I continued north on Los Angeles to a little shop between Fourth and Third, that sells incense, scented oils, and other stuff that smells good. There I bought 60 sticks of incense for 3 dollars. The sticks were located just outside the shops entrance, and inside jars of incense juice. I was allowed to pick out my own sticks, and chose 20 lemon scented, 20 orange, and 20 coconut. My hands got sticky with incense juice as I counted out, and put into elongated plastic bags the sticks, but they had a nice little rag I could wipe them on inside the shop when I finished. The proprietor of the shop gave me another plastic bag to put my three bags of sticks in, and I was on my way. For the rest of the day, and well into the night, my fingers smelled like a mixture of lemon, orange, and coconut.
I next walked up to Third, then west to Broadway, and the Grand Central Market, where I purchased two tasty looking tacos, piled on top of rice and salad, from some Asian people, then I took a bus home.
I did have one responsibility that I could not neglect, and when I arrived back at my place I went to our garden to water the plants that live there.
There is a hose out there, attached to a leaky spigot, that I use to water the plants. Sometimes, one of my neighbors, an older Hispanic gentleman named John, who happens to live adjacent to our garden, and who knows that I'm out there to water the plants, and also that I'm likely to get soaking wet by turning on the leaky spigot, helps me out by reaching out of his window at the appropriate time, and turning it on. I must say it's a tad disconcerting to observe this disembodied arm reach out and turn the water on, and is the closest I've ever seen that resembles "Thing," from the Addams Family television show and films.
John did this for me yesterday.
"Thanks John," I said.
I then watered the thirsty plants. When finished, John reached out and shut off the spigot.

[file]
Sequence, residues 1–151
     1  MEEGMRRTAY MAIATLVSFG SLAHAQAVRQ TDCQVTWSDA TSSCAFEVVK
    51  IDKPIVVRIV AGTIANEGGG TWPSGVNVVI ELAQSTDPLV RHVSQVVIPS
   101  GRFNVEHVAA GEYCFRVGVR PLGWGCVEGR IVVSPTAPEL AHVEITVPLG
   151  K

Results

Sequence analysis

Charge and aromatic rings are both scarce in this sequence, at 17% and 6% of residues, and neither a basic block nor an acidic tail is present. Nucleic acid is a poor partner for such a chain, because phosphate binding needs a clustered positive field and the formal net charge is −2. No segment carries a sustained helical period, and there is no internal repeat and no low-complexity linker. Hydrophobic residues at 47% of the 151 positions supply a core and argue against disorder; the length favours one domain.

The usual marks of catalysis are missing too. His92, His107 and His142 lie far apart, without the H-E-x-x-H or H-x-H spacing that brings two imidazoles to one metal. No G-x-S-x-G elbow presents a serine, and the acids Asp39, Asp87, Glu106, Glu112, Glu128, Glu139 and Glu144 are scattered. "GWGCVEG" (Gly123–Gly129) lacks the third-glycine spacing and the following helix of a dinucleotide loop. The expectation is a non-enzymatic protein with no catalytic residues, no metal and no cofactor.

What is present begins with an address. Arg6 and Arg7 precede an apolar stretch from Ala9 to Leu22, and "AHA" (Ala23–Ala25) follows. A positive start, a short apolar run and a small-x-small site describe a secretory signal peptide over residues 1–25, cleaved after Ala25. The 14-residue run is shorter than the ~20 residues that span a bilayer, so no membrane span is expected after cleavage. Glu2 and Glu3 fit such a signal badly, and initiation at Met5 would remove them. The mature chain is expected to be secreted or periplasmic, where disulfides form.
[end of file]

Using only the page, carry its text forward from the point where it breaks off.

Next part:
"Thanks Thing, er, I mean John," I said.
As I was about to leave I heard a tiny little sound coming from the garden. It sounded like a tiny, "Psssst, pssssst!"
I went over to investigate, and was astonished to see a little earwig standing up on its hind pincers, clutching a small white flag, and calling to me.
"Hey you, giant person," it said.
"What the hell..."
"I'm holding a flag of truce, so don't kill me," it continued.
"I won't kill you," I replied. "What do you want?"
"I want you to stop killing us, duaaaa."
"Well I, I don't kill you guys..."
"I've seen you try to," it said. "How would you like it being sprayed with ammonia? It wouldn't feel very good, now would it?"
"Well I don't know what to say..."
"And what's up with that giant blonde guy? He's always trying to kill us. He killed my sister and great aunt."
"I'm so sorry..."
"Sorry! Is that all you've got to say for yourself?"
"Paul thinks that you guys are eating our plants..."
"And his cohort, you know what we earwigs call her?"
"Erin? No I don't."
"The Maiden of Death, that's what we call her. Why are you doing this to us?"
"Because you're eating our plants."
"We won't eat your plants if you stop killing us."
"I swear on my sister's grave. We like to eat other bugs."
"Wikipedia states that you guys like to eat vegetables, and plants like sun flowers too."
"Wikipedia is a notoriously unreliable source of information," it said.
"Well, I'll certainly discuss this, uuumm, situation with Paul."
"Please do. And tell him to stop putting those traps in the ground. We're wise to that one now."
"I certainly will."
"Thank you. You will be remembered as a true friend of the earwigs, despite your murderous history. Goodbye."
With that it tunneled into the ground, taking its little flag with it.
I returned to my box and thought about what had just happened.
Will Paul and Erin believe me and stop the rampage?
If I were them, I certainly wouldn't.
We shall see.
And damn it! I've written this post, thereby doing some work.
Damn it!